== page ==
The sixth hope
Once during my distressing surveillance, having preferred seclusion, I was alone on the top of Pine Mountain (Çam Dağı) in the Barla plateau (in the province of Isparta). I was in need of a light in my isolation. Alone one night on the small platform at the top of a tall pine on the summit of that high mountain, old age recalled to me three or four separations, one within another. As described in The Sixth Letter (included in The Letters), the melancholy sound of the rustling trees on that lonely, silent, remote night burdened me greatly in my exile in old age. Old age prompted the following thought: Just as the daylight has changed into this sepulchral black and the world has put on its black shroud, so too the daytime of your life will turn into night, and the daytime of the world turn into the night of the Intermediate Realm of the grave, and the summertime of life into the winter nighttime of death. It whispered this in my heart’s ear. My soul was then obliged to respond:
True, I am far from my native land, but being separated from and mourning all those who are now dead, whom I loved during my fifty years of life, is a far more grievous and sorrowful separation than exile from my country. Furthermore, I am drawing close to a much more sorrowful and painful exile than the melancholy exile of the night and the mountain: old age informs me that I am approaching the time of separation from the world altogether.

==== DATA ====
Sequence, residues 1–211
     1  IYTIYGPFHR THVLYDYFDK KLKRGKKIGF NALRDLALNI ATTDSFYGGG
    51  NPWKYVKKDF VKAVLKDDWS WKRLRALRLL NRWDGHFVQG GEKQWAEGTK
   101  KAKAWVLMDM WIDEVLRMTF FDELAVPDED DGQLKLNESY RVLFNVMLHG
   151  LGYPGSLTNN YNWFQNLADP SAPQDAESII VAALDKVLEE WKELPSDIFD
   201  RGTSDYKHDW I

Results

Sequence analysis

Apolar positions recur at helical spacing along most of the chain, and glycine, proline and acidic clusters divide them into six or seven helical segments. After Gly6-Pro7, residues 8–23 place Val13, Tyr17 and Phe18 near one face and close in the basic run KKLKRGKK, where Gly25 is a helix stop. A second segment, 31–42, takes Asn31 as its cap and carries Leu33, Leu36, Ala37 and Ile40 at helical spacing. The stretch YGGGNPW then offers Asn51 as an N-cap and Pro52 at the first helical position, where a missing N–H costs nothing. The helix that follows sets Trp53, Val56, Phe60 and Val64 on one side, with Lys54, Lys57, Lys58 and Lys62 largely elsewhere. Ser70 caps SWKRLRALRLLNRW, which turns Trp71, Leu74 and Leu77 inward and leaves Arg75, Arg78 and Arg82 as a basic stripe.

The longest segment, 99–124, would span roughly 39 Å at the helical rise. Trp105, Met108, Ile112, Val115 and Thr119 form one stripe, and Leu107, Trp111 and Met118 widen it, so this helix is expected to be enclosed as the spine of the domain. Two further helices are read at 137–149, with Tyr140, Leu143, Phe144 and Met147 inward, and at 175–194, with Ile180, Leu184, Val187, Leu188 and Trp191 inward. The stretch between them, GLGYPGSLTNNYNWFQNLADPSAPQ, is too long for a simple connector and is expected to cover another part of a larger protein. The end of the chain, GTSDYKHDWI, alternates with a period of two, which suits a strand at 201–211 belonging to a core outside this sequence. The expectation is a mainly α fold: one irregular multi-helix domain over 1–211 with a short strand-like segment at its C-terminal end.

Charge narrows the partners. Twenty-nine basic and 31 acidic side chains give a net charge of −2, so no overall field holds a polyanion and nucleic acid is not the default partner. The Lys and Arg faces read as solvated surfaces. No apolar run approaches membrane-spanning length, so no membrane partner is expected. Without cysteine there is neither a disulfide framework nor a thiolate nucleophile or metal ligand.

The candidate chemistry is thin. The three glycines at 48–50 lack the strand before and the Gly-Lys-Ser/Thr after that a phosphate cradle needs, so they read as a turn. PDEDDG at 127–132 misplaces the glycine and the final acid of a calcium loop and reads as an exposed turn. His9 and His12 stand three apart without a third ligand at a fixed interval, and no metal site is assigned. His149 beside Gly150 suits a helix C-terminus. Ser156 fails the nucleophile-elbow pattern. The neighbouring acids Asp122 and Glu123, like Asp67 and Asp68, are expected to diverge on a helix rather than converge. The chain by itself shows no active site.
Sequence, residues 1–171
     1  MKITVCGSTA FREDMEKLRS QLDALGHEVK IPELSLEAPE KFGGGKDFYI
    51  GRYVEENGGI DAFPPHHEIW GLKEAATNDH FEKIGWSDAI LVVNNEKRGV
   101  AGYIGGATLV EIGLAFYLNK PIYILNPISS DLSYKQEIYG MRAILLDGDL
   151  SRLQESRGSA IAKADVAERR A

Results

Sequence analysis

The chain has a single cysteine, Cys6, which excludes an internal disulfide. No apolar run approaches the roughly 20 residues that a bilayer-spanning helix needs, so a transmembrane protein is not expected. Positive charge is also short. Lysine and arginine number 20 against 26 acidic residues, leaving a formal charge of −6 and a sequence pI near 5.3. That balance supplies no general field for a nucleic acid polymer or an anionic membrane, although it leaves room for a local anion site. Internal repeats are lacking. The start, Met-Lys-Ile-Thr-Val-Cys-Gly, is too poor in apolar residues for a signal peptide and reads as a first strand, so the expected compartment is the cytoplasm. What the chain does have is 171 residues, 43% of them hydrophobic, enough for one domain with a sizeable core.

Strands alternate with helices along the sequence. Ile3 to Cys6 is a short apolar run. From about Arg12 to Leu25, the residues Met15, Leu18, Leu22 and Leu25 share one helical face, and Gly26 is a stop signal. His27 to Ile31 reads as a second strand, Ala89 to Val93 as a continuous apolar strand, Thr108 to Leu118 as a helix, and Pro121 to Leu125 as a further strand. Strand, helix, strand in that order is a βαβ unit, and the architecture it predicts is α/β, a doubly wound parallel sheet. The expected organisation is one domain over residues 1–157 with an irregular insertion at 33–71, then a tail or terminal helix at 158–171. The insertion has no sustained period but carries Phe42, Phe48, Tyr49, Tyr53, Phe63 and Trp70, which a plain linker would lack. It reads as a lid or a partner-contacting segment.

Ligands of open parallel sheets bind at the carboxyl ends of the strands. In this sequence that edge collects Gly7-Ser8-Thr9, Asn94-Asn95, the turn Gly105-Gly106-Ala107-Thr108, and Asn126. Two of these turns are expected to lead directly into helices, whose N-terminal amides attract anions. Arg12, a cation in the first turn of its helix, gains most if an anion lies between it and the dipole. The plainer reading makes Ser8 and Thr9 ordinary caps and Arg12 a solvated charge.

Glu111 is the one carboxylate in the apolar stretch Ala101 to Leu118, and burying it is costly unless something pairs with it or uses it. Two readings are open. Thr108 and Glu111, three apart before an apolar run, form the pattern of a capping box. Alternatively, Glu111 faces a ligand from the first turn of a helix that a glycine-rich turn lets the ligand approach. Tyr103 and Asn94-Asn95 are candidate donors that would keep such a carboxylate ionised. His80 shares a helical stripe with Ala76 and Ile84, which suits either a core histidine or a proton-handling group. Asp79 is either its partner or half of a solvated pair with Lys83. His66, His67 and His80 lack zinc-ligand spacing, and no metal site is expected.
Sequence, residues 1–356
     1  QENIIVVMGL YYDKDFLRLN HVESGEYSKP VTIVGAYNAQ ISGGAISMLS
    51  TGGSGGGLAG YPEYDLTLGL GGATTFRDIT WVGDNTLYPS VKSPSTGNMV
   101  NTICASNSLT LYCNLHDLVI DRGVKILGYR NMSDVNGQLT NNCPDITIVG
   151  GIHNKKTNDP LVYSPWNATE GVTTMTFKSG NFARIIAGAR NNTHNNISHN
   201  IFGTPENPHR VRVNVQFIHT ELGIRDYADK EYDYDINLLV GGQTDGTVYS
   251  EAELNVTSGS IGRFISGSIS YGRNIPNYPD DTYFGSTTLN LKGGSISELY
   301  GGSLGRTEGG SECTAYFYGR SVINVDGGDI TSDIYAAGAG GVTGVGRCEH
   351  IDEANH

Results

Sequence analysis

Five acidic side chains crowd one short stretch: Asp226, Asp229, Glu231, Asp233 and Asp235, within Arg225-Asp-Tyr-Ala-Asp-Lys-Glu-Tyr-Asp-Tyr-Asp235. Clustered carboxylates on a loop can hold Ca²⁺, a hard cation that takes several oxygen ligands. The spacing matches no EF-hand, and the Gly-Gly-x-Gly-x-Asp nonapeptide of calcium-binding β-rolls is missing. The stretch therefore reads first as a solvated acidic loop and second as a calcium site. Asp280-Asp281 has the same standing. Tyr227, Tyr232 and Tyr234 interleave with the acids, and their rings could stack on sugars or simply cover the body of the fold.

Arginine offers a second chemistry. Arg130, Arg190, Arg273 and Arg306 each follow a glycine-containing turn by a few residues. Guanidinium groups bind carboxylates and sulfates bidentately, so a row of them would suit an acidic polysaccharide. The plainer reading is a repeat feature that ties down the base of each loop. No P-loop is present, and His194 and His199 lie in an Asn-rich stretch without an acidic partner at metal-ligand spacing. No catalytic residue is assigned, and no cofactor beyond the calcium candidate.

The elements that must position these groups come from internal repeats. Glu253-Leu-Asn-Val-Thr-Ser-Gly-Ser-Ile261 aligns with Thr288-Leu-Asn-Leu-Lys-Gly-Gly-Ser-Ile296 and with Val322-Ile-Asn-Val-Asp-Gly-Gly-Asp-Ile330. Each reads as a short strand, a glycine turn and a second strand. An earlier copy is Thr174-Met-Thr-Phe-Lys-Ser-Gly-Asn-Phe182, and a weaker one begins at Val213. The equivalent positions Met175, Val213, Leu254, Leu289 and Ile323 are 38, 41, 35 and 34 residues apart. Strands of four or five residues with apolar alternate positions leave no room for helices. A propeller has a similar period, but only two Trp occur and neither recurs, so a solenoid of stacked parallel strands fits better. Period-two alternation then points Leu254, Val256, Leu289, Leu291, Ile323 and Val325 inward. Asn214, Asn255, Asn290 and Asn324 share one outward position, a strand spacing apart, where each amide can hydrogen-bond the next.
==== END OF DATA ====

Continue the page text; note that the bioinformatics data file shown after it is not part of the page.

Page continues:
I then sought a light, a hope, from these sorrowful separations, one within the other. Suddenly belief in God came to my aid and offered such companionship that even if the layered desolation in which I found myself had increased a thousand times, its consolation would have been sufficient.
Elderly men and women! Since we have a Compassionate Creator, there can be no exile for us. Since He exists, everything exists for us. Since He exists and has angels, the world is not empty. Lonely mountains and empty deserts are full of God Almighty’s servants. Apart from His conscious servants, His stones and trees also become like familiar friends when viewed through His light and on His account. They may converse with us and give us contentment.
Evidence and testimonies to the number of beings in the universe and to the number of the letters of this vast book of the universe affirm the existence of our All-Compassionate, All-Munificent, All-Intimate, and All-Loving Creator, Maker, and Protector. They show us His Mercy to the number of the members of the living creatures’ members, and of the provision and favors they enjoy, all of which are the instruments of His Compassion, Mercy, and Grace, and point the way to His Court. The most acceptable intercessor at His Court is impotence, weakness, and neediness. And the greatest time of impotence, weakness, and neediness is old age. So we should not resent old age, which is an acceptable intercessor at this Court, but welcome it.
Bediuzzaman Said Nursi